Op-ed by Wilmington City Council Luke Waddell
As a boy born and raised in southeastern North Carolina, I recall often listening intently to the conversations of grownups as they discussed the general issues of the day. On many occasions the conversations carried the general feeling, albeit a frustrated one, that compared to other areas of the state, southeastern North Carolinian’s get the short end of the stick. A common refrain was that we consistently watch as our tax dollars are spent on projects in Raleigh and Charlotte while we have to make do with what is left.
A few decades later, I am now an appointed member of the Wilmington Metropolitan Planning Organization (WMPO) and am witnessing first-hand the regional inequity I heard discussed growing up. Typically, the WMPO is an anodyne body offering recommendations and guidance to the North Carolina Department of Transportation (NCDOT) regarding various transportation projects in the Cape Fear Region. However, with this discussion, the WMPO has been thrust into one of the greatest funding injustices our region has ever seen – an effort by the state to place the cost of replacing the Cape Fear Memorial Bridge (CFMB) onto the backs of local residents, via tolling.
The justification from NCDOT is that there is not enough money to fund it via a traditional method and the replacement of the Cape Fear Memorial Bridge – our region’s most critical piece of infrastructure — does not score high enough to compete for state funds, especially around faster-growing regions like Raleigh and Charlotte.
Tolling the Cape Fear Memorial bridge would make it the first project in the history of the state to replace an existing roadway utilizing a toll. It is currently unlawful to replace existing infrastructure with a toll. The first step to change the law, per state statute, requires NCDOT to obtain permission from the WMPO to vote in favor of imposing a toll on ourselves. That vote is scheduled to take place at the end of this month.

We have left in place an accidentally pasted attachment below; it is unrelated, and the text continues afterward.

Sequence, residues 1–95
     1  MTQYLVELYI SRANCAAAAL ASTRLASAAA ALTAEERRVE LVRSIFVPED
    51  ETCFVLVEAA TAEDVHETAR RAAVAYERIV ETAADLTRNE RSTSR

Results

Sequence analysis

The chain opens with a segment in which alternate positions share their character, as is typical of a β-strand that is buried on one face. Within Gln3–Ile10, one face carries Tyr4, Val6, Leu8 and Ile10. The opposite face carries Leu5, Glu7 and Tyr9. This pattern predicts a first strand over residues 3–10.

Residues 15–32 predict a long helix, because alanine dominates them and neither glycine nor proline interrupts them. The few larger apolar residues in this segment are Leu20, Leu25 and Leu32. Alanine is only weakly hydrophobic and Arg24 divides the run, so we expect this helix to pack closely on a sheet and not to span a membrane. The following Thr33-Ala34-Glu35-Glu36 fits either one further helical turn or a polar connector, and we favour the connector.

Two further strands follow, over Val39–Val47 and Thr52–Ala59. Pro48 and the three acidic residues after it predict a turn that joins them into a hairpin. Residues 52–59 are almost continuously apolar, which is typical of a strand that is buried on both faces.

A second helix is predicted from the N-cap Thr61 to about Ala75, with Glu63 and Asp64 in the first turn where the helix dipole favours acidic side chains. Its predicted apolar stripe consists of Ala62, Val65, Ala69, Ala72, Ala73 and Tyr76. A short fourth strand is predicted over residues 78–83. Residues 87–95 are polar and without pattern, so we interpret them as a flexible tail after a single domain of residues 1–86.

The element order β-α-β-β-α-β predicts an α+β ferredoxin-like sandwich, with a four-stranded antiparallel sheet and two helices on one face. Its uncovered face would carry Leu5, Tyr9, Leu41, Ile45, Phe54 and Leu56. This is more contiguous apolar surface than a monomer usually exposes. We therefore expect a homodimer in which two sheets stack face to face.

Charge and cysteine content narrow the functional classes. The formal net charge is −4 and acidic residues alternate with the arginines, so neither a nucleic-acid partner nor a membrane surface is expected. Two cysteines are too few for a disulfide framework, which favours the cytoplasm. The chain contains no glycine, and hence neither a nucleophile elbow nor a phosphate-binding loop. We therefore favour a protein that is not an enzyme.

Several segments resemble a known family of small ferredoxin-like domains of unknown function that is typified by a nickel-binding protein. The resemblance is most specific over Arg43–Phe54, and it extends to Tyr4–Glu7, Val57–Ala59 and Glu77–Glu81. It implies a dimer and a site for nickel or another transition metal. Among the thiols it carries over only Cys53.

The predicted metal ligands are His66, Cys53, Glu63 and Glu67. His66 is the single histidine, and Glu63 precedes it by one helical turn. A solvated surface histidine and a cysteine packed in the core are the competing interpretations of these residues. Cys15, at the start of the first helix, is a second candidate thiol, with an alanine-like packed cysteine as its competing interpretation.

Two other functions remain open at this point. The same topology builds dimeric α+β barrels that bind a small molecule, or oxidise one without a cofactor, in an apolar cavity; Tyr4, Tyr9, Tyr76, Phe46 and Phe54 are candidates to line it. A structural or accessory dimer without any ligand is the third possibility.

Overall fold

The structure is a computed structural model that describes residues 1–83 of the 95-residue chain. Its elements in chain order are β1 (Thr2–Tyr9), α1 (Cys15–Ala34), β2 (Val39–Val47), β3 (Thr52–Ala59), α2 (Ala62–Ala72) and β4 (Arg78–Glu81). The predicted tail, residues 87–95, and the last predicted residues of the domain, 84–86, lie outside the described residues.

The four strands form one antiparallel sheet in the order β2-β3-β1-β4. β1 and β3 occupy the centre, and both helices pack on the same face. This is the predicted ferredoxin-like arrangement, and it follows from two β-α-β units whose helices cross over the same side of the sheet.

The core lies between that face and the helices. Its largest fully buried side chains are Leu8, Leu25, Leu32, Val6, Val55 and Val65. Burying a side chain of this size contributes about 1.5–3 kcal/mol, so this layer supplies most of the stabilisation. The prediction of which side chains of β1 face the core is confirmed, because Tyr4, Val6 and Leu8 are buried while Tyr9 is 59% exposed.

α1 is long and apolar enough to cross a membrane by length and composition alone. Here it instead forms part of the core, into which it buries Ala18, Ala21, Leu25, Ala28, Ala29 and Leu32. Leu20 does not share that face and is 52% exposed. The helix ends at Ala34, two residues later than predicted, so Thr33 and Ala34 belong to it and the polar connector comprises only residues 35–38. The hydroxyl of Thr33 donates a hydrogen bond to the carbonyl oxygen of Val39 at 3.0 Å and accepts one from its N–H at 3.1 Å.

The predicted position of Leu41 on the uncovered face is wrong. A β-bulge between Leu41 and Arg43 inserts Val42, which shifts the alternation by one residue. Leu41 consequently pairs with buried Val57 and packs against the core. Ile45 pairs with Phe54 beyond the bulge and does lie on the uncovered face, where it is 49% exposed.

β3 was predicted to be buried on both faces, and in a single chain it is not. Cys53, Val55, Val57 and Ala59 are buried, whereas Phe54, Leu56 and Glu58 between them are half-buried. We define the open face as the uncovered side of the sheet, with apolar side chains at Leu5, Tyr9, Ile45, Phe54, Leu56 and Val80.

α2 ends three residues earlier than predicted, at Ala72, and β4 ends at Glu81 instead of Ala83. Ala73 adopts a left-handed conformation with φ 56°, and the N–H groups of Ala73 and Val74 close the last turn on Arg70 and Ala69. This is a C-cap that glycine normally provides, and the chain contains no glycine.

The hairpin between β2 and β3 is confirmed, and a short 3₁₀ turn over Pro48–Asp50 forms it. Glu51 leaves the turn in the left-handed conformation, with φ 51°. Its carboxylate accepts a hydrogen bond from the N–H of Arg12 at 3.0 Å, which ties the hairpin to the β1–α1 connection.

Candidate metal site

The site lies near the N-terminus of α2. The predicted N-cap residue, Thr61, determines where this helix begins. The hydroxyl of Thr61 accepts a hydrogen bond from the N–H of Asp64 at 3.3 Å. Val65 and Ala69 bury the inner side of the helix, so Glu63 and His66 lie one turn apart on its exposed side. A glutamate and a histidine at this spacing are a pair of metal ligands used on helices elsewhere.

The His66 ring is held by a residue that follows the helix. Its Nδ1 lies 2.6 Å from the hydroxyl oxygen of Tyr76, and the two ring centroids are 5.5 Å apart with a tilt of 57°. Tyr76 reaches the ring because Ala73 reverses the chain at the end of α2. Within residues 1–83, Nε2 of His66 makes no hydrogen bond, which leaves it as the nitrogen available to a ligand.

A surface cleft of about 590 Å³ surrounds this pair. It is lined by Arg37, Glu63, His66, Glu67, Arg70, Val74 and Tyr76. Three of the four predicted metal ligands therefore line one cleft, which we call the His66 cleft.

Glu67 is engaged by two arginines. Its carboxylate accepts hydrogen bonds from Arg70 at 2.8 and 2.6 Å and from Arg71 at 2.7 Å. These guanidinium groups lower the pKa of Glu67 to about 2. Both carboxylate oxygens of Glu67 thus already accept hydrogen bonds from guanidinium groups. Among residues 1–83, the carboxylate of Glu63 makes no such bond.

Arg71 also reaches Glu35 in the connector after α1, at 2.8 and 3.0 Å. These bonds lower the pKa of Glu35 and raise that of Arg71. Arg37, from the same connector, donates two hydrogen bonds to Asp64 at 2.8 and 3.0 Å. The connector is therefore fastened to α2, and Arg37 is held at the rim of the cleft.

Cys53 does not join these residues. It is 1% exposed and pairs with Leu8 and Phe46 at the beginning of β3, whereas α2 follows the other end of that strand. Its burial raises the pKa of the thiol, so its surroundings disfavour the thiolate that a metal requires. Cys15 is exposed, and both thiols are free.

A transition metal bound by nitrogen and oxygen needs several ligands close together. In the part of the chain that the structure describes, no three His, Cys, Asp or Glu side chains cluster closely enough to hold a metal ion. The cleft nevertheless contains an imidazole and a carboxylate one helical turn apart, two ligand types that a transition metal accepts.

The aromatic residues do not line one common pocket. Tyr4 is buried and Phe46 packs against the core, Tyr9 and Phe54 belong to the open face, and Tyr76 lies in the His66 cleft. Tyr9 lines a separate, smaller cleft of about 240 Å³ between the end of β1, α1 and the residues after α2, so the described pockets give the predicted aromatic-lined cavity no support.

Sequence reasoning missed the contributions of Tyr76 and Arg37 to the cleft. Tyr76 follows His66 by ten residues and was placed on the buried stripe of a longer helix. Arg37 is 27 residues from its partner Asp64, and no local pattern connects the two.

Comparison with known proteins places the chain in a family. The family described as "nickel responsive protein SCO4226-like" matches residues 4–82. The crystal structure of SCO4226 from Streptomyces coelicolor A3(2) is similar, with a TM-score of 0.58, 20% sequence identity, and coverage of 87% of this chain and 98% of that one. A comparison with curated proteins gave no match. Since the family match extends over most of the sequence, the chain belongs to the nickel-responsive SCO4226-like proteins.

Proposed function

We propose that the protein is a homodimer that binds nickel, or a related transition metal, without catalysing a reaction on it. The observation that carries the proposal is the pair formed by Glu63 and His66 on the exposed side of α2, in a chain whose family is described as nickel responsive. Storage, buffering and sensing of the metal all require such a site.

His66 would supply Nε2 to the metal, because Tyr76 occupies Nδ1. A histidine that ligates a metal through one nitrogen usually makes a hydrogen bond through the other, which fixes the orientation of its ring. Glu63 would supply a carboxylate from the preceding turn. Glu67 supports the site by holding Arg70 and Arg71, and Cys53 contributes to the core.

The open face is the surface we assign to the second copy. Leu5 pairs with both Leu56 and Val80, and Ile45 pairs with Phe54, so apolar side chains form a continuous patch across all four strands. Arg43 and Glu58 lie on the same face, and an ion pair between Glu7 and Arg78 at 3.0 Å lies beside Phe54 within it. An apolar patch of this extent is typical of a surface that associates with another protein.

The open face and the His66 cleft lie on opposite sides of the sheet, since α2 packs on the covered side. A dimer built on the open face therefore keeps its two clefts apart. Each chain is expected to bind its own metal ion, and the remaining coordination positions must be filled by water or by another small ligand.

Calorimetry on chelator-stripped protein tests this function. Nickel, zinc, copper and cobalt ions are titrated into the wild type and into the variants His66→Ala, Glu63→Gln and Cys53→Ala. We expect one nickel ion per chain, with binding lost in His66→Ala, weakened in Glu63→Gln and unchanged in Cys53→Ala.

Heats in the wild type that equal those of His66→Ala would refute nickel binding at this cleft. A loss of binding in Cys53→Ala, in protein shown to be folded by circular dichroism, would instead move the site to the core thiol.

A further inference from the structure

The narrative thus far from NCDOT and supporters of tolling boils down to this – “You need a new bridge, the state can’t afford to build one for you and the only way you’re getting one is if you agree to a toll. It’s ok, it will only be a dollar or two. Don’t be ignorant, consider it an investment.”
Well, North Carolinians, including those in the Cape Fear region, already pay the highest gas tax in the Southeast and the 7th highest gas tax in the country. These revenues, and the funds collected from highway use taxes and DMV fees, are meant to support the maintenance, operation and replacement of existing infrastructure. The Cape Fear Memorial Bridge is existing infrastructure and the funding of its replacement should have been properly accounted for over the last half century of its existence. The initiative underway to force the issue of tolling is designed to shift the burden of the state’s budgetary shortfall onto the citizens of the Cape Fear region, who have already been taxed for it.
The proposed toll is not only a double tax on the people of our region, but a regressive tax. For daily commuters already stretched thin via inflation, tax increases, gas prices, etc. these dollars add up fast. The people of the Cape Fear region pay the very same taxes as every other North Carolinian — we should expect that when our infrastructure needs to be replaced that the state lives up to its responsibility as it does with every other area in the state.
NCDOT’s upcoming ‘Cape Fear Memorial Bridge Preservation Project’ will result in significant lane closures for the beginning half of this year. With these closures, the pressure on the WMPO to accept a toll will surely increase. I urge my colleagues and our community to stay clear-minded against the call to “explore all options to include a toll,” because a vote to “explore all options” is just political speak for voting for a toll bridge. Noise and fear mongering are strategies meant to distract us so the state can reach into our wallets to cover a bill which we’ve already paid.
Let us all remember that the state is bound by law to replace its existing infrastructure. Voting to impose a toll on ourselves now would be a remarkably shortsighted reaction to what will admittedly be a painful inconvenience of the upcoming bridge detours. However, NCDOT’s “Preservation Project” is making long-lasting repairs to prolong the useful life of the current bridge. These long-lasting repairs provide the ideal time for the WMPO to remove a local toll as a potential solution to the state’s funding problem so it can plan accordingly for a future replacement bridge. NCDOT has resolved funding challenges for transportation projects before and I am confident it can do so again.
For us to absolve the state of its responsibility at the direct and disproportionate expense of our local citizens is, simply, a bridge too far.
Luke A. Waddell, Sr.
Member, Wilmington City Council
Vice-Chairman, Wilmington Metropolitan Planning Organization